Mourning Violence: How Should We Move Forward?

This country recently experienced a week filled with terrifying and heartbreaking violence. During the second to last week of October, an alt-right culprit delivered fifteen packages containing pipe bombs to critics of President Donald Trump including Barack Obama, Joe Biden, Hillary Clinton and Maxine Waters, among others. Shortly thereafter, a white man from Kentucky killed two black people at a Kroger after unsuccessfully attempting to open fire on a predominantly black church.

The incident has been labeled a hate crime by multiple sources. That Saturday, an anti-semitic man killed 11 people attending weekly services in a Pittsburgh synagogue during a mass shooting attack.

Each of these abhorrent crimes has been caused by an atmosphere of toxic alt-right attitudes and rhetoric by our highest political officials. President Trump has accused one of the targets of the pipe bomb attacks, George Soros, of paying protestors to appear at his rallies, even though no evidence exists to prove this. Trump repeatedly brings up Hillary Clinton at his rallies, even though he won the election years ago, and Clinton has essentially secluded herself into retirement. He prompts his supporters to chant “Lock her up” even though multiple trials have taken place regarding her Benghazi scandal and the courts have not found her guilty.

The Kroger shooter had recently told his father that “Whites don’t kill whites,” referring to a common alt-right rhetoric that black people are killing each other in large cities, like Chicago, and that this is somehow an excuse to ignore racially-charged violence against the black population. It’s the same thought as when Dylan Roof shouted “Y’all are raping our white women. Y’all are taking over the world,” while opening fire on the predominately black Emanuel A.M.E. church in Charleston, SC. Both shooters targeted seniors, one of the most vulnerable segments of the population, and one of the segments of the population that engages in the least amount of crime.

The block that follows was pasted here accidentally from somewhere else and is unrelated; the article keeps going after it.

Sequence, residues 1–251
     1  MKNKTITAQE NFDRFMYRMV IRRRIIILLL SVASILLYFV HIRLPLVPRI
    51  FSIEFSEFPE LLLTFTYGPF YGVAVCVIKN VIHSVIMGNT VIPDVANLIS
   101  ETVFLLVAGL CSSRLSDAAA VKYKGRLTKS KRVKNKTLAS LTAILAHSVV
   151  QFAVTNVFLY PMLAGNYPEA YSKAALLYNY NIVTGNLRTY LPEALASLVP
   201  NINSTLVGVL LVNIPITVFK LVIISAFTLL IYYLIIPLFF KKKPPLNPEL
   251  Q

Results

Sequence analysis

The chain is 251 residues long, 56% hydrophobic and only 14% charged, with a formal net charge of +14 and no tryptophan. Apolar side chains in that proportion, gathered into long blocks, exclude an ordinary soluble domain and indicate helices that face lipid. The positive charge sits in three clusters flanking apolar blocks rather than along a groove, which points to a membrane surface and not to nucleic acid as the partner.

Both shooters also ignored the fact that rates of violence are highest among “poor, urban whites” according to the U.S. Department of Justice publication on Household Poverty and Nonfatal Violent Victimization.

Not surprisingly, the Pittsburgh synagogue shooter told SWAT officers that he wanted “all Jews to die” and that “they are committing genocide to his people.” He enjoyed posting pictures of his gun collection to his gab. com account, a social media platform that caters to alt-right users. The culprit also used gab to accuse Jewish advocacy groups of helping to transport members of the highly politicized migrant caravans across the US border, calling the migrants “invaders” similarly to many alt-right groups.

There isn’t a clear-cut solution to solving this era of violence overnight. However, the best tool that we have at our fingertips is our vote.

Vote in the upcoming midterms for candidates who are committed to background checks and stricter firearms laws. Vote for candidates with a track record of helping empower minority communities. Vote for candidates who are willing to speak out against the alt-right and the Trump administration. Vote for candidates who are actually members of minority groups since they understand the problems these members of the population face better than anyone else.

If you haven’t registered in time to vote in the midterms, register now to vote in the next presidential election. Do it now. We can tell ourselves that our vote doesn’t matter, that the system is rigged, that only a full-on revolution will solve the problems at hand. But the truth is, this is what we have today. We might have a better way to solve the problems at hand tomorrow or years from now, but we, as a society, can’t afford to wait any longer for better solutions.

We must pledge to help our neighbors now. Their lives depend on it.

 

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